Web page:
1758 Nicolò Gagliano Violin Reported Stolen in Chicago Home Burglary

May 15, 2022, 2:04 PM · Violinist MingHuan Xu, a concert performer who is director of the string program at Roosevelt University, reports that three instruments were stolen from her town home in Chicago's South Loop on Wednesday morning, as her family slept. One was a 1758 Nicolò Gagliano violin that had been on loan to her by a private sponsor for 20 years. A $10,000 reward is being offered for the recovery of the violin.

Gagliano violin
1758 Nicolò Gagliano that was reported stolen last Wednesday in Chicago.

"This violin has been such a companion to me throughout my musical journey. Losing it is like losing a family member," Xu said. "Even though I am extremely grateful that we came out of this physically unharmed, my heart is shattered."

Also reported stolen was a violin made by Oliver Radke in the late 1990s and a half-size cello that her son played.

The Gagliano was in a purple hard-shell violin case by William Harris Lee & Co., decorated with some flower and butterfly stickers. The violin was insured.

Xu, who plays in the Ensemble Dal Niente and the Grossman Ensemble, had been preparing for a performance at the University of Chicago on May 20.

"According to surveillance cameras in her neighbor’s garage, the suspect entered her house around 3:45 a.m. while the family was sleeping after being able to open Xu’s closed car and clicking the garage button inside the car," said a report in the Chicago Tribune. "The family didn’t realize someone had been inside their home until 4:37 a.m. when one of their alarms activated."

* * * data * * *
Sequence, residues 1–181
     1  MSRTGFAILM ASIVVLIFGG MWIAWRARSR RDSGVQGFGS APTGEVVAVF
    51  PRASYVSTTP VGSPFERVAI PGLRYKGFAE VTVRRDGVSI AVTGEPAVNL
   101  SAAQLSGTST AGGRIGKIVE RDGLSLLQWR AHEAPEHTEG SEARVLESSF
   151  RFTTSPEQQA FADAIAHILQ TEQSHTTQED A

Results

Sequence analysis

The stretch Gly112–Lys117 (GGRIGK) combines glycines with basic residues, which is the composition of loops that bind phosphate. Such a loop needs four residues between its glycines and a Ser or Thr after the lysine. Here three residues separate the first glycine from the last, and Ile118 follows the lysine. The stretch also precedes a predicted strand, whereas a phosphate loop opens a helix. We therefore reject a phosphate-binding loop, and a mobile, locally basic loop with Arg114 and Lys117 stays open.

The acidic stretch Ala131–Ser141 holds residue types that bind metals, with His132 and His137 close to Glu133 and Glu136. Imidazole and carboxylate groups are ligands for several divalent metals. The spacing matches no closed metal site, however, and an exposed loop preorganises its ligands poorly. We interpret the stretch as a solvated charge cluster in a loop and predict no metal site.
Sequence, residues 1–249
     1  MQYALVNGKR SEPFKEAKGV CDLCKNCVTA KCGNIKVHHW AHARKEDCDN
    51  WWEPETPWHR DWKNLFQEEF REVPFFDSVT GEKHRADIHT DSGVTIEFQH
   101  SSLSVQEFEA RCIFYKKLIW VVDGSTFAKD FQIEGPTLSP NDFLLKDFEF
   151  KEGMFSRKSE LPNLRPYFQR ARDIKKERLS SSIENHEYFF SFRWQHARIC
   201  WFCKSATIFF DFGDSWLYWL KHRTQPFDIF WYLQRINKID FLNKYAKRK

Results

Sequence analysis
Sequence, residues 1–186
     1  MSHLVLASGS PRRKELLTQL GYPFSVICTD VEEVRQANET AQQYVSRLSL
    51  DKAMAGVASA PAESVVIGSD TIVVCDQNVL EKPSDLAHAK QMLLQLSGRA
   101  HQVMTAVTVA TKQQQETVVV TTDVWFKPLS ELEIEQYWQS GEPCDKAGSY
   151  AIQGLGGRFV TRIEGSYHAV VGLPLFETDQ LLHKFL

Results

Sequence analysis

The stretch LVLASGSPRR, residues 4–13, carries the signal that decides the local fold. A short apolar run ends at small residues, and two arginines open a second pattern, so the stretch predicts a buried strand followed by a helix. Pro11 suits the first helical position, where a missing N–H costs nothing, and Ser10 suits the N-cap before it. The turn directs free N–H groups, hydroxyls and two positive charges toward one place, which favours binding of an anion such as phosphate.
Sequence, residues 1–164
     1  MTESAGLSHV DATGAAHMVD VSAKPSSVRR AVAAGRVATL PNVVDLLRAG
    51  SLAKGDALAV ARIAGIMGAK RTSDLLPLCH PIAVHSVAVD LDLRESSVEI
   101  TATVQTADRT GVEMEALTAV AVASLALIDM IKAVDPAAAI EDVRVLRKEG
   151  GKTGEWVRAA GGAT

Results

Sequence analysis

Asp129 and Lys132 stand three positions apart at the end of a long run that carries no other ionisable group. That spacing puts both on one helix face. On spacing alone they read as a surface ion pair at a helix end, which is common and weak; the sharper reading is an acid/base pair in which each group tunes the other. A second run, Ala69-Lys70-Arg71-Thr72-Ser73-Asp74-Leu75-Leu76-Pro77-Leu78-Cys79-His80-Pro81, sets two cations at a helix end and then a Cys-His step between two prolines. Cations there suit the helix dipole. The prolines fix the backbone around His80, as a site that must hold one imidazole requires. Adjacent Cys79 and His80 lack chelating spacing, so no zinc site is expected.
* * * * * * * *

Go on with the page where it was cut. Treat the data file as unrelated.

Xu said she did not think it was a targeted burglary.

A $10,000 reward is being offered for the recovery of the stolen violin. If you have any information about the stolen Gagliano violin or other instruments, please contact the Chicago Police Department by calling 312-744-8263. Below is a flyer with additional information:

flyer about stolen Gagliano

Replies

May 15, 2022 at 08:30 PM ·

So sad, and it seems, so preventable.

The first thing one should do after receiving a violin like that is purchase a safe in which to keep it.

At the same time, she may have had one and didn't put the violin away for the night.

May 15, 2022 at 10:21 PM · Honestly, I don't know any working musicians who keep their violins in a safe, not even people with Strads and del Gesus, which are even more valuable than Gaglianos.

May 16, 2022 at 06:30 AM ·

That surprises me.

May 16, 2022 at 02:00 PM · Please do not blame the victim of this crime. Min Kim's memoir "Gone: A Girl, a Violin, a Life Unstrung" is a moving, heart-rending story of a gifted young violinist whose Strad was stolen at the height of her promising career. It gives us insight into what such a loss can do to the victim, including the pain of being accused of not taking proper steps to avoid the theft. Kim lost so much more than a violin and describes that loss in excruciating detail. These precious instruments are part of a musicians very being. We wouldn’t expect Xu to lock her heart in a safe. I encourage you to read Min Kim's memoir to understand the victim's side of the story.